Monday, January 10, 2011

Review: Safely Home by Randy Alcorn

Did you know that Christians are possibly the most persecuted religious group in the world? Sometimes it's hard for those of us in the West to remember this...we often hear about what Christians are doing against other groups. But most Christians are not Western, and many live in countries where their faith is a constant threat to their government. They face beatings, imprisonment, and even death on a daily basis. Additionally, while we hear about Christians acting out against Muslims in America, Christians are being killed and driven out of Iraq in alarming numbers. I do not share this as a way of justification for anything that happens here, but rather to present a complete picture. It doesn't have to do with being Christian or Muslim..just human.

I hold the position that other Christians are my brothers and sisters and as such, I can't ignore what they go through. Additionally, I think their faith has been more tested than mine and I know how dear it must be to them. While I can't honestly say I envy them, I do find it inspiring and humbling.

One of my favorite books is Silence by Shusaku Endo, a book that takes an extremely unsentimentalized look at persecution and apostasy. I highly recommend it to everyone.

Some friends has told me that Safely Home by Randy Alcorn was an excellent book, so when I was in a position where all I had was an ereader and a few free ebooks to read, I decided to dig in. The first part of the book was very compelling, and dare I say it? Convicting. Alcorn sets up the contrast between Ben Fielding, a driven American businessman who really digs the potential China offers his business, and his former roommate, Li Quan a Chinese peasant who has been imprisoned for his faith. Ben has a pretty high opinion of China but as he spends time with Quan on a business trip, he begins to realize that China has preserved an image and the people of the country are suffering. Many are persecuted for their faith.

A few things I liked about this book. I liked that the methods of China were exposed. I liked that Quan challenged Ben on many of his prejudices and assumptions. I like that there was a lot of education on how Christianity is NOT American and that it has a long history in China. I loved the first part of the book, where I was reminded how comfortable and lucky I am that I can choose to worship without threat of being killed.

Unfortunately the book really does a lot of sermonizing in the form of conversations between Quan (who was practically perfect) and Ben. I found myself antsy and wanting to skip through these sections. I also don't really like books where there's an angel or heavenly perspective--no matter how well intentioned, they never come across as feeling real to me. And I found it disappointing that when Ben fires a co-worker for his Christian beliefs in the beginning of the book, said beliefs include anti-homosexuality (oh the bitter irony of this in a book about persecution) and abortion. These are social values more than religious beliefs to me. And while many American Christians do feel persecuted for holding these values, the government hasn't asked them to directly deny believing in Jesus or be killed. And I found Ben's backstory to be less than original. The writing is very plain and a bit clumsy at times, no awe inspiring beautifully crafted sentences.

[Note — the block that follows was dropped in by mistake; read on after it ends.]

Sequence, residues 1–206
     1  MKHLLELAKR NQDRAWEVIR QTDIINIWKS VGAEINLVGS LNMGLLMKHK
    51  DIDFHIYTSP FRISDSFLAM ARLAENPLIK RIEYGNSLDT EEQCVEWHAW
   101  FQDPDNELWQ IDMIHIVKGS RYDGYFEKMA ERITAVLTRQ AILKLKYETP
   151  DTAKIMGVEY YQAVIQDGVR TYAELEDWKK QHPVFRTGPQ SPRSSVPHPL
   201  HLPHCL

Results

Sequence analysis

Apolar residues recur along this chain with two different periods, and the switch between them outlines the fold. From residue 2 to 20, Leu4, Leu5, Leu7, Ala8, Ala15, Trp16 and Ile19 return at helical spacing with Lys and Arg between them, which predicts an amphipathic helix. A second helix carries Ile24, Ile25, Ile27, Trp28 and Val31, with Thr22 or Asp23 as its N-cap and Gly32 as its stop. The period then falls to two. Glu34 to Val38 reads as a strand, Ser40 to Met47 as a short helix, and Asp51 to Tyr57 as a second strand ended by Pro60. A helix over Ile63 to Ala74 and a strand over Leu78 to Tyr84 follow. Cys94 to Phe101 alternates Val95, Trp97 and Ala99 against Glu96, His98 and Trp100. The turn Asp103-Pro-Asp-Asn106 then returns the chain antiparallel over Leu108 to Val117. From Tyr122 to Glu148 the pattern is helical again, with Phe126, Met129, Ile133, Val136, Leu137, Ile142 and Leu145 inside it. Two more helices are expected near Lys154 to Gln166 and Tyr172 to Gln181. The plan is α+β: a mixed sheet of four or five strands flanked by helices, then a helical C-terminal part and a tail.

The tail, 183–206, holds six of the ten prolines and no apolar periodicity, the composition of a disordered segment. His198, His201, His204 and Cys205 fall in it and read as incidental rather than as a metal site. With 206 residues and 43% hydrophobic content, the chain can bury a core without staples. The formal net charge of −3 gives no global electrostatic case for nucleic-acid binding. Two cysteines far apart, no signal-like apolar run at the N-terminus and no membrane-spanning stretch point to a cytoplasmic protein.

Due to this, I never felt like the characters were real, instead they were a bit flat and one dimensional...serving an overall moral of the story, rather than being deeply complex themselves. I also really felt that the persecution and death of the Christians was romanticized in a way. This, on top of the many scenes taking place from a heavenly perspective made it impossible for me to connect with this book.

I think the ideas are important and I think it's important that people know persecution exists in the world today. A couple of books that I really loved on this topic include the true life story of Brother Yun in The Heavenly Man, and My Hands Came Away Red by Lisa McKay...a nail biting compulsive read about life on the ground in Indonesia during a short term missions trip.

If the idea of religious persecution is getting you down, I offer this amazing story about Egyptian Muslims who offered themselves as human shields during mass for Egyptian Coptic Christians, a long persecuted group. It's important to remind ourselves of such kindness and sacrifice in our dark world.

Rating: 2/5
Things You Might Want to Know: This is Christian fiction
Source of Book: Free ebook download
Publisher: Tyndale House Publishers


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